Culture: Life in the bike lane
Like a lot of us, I spent much of my childhood riding bikes, but fell out of the habit for a while. Forty years. Then my wife and I moved to New York, where cyclists risk their necks in a daily Thunderdome of cabs, police cars, firetrucks, double-decker buses, messengers on motorbikes, and delivery trucks backing around corners at 20 miles an hour. Not for me! At least not until my 50th birthday, when my metabolic furnace flamed out. Calories started going directly from beer bottle to beer belly. It was time to start exercising. Either that or give up Samuel Adams, and I couldn’t do that to Sam.
I started on a stationary bike in a gym. Working up a sweat while watching TV, I could see how many calories I was burning: about 200 in a half-hour at a smooth pace, enough to cancel out one beer. I felt stronger and more alert afterward, but there was something unsatisfying about being an aging, balding guy working hard to get nowhere. Call it a midbike crisis – I longed to get outdoors again.
On my 55th birthday, my wife bought me an all-black cruiser with fat tires and wide handlebars. That bike is as indestructible as I feel when I’m on it. Riding around Manhattan, I stuck to bike paths along the Hudson River at first, feeling the wind blowing through where my hair used to be. Little by little I branched out into the city.
I was a late-life convert to a fast-growing trend. “Walking and jogging are awesome, but you cover so much more ground on a bike. There’s no better way to explore a new city or the town where you live,” says Steve Taylor, a spokesman (get it?) for the League of American Bicyclists, a nonprofit group with more than 100,000 members. He calls biking a healthy, environmentally friendly alternative to sitting in a car, “not just for young people or fitness buffs, but for businesspeople who might not have been on a bike since they were kids. It has never been easier for grown-ups to ride, and it’s getting easier every year.”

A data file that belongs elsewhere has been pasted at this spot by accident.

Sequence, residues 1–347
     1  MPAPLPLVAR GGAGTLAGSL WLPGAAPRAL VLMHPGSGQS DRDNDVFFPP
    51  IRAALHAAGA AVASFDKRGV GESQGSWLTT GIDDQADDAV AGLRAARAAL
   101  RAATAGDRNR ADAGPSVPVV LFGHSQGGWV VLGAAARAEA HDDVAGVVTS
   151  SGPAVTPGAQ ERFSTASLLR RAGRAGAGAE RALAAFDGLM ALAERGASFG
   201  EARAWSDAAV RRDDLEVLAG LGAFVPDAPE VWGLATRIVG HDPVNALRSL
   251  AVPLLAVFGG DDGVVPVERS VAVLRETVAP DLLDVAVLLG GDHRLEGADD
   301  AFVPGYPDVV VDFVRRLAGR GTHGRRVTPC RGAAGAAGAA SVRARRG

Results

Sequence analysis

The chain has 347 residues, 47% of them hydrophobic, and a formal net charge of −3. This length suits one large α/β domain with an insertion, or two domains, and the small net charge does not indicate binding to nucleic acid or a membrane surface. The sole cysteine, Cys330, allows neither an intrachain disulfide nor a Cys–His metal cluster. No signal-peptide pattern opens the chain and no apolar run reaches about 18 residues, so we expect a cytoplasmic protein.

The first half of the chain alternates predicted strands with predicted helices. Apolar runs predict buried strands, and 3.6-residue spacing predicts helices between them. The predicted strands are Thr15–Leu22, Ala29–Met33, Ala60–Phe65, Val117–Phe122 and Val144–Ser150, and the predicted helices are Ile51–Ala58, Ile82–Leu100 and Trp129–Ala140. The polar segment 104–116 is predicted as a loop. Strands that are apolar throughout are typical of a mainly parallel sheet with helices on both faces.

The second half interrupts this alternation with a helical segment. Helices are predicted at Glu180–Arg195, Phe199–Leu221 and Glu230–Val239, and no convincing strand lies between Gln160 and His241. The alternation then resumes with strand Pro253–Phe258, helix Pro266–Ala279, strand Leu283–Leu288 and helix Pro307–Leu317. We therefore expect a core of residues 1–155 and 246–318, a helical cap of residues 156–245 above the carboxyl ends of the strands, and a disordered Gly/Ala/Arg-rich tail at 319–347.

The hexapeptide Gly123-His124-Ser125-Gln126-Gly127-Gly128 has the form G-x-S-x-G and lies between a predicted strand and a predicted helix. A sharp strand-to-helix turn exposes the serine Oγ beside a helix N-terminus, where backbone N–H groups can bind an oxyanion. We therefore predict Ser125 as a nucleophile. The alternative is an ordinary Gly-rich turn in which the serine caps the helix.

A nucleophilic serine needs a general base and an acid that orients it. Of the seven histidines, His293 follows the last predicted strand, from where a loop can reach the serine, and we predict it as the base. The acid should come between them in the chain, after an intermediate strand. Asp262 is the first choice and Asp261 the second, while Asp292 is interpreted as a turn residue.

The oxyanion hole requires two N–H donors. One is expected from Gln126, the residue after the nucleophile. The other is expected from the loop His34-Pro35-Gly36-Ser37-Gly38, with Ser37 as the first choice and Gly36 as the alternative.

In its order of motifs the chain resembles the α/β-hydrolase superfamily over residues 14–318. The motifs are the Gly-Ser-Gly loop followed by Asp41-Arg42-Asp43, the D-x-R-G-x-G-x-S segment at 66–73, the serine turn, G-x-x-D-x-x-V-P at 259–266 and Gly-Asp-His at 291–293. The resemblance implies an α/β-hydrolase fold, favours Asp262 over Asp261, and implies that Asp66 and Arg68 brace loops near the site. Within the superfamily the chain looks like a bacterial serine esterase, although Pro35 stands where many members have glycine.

Each year brings thousands of miles of new bike lanes all over the world. In the United States, programs modeled on those in cities like Paris and Amsterdam are making bike-sharing the Zipcar of human-powered transport. New York’s Citi Bike, the nation’s largest, boasts 100,000 members. Others include Boston’s Hubway and Chicago’s Divvy.
Like most cyclists my age, I’m not out for thrills, chills, or medals. Whenever I’m tempted to race a rider who’s zipping up behind me, I remember the day I spent with Lance Armstrong when he was Tour de France champion. When I asked how he could possibly dominate world-class cyclists who were doping if he wasn’t doping, he gave me an icy look and said, “Hard work. Any other questions?”
I had one. “Any advice for a cyclist my age?”
He looked me over and said, “Don’t fall off.”
I have tried to live by Lance’s advice. Unfortunately, it is practically impossible to ride across the Brooklyn Bridge without running into a tourist. They’re always stepping into the bike lane without warning, smiling for selfies. Later, rubbing Neosporin on my scabs, I console myself by thinking of people all over the globe enjoying photos of their trip to New York, with me as a blur in the background, skidding off my bike.